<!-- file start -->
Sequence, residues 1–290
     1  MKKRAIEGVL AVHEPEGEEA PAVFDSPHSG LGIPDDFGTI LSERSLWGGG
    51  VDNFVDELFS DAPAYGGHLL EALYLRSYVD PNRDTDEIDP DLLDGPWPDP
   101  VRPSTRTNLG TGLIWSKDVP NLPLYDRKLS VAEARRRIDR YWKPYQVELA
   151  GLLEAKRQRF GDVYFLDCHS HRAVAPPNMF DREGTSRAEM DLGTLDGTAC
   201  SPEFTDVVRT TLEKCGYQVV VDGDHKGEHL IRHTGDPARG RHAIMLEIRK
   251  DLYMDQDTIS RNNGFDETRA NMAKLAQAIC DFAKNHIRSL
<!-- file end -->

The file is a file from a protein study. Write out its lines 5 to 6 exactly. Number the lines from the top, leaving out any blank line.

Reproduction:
   151  GLLEAKRQRF GDVYFLDCHS HRAVAPPNMF DREGTSRAEM DLGTLDGTAC
   201  SPEFTDVVRT TLEKCGYQVV VDGDHKGEHL IRHTGDPARG RHAIMLEIRK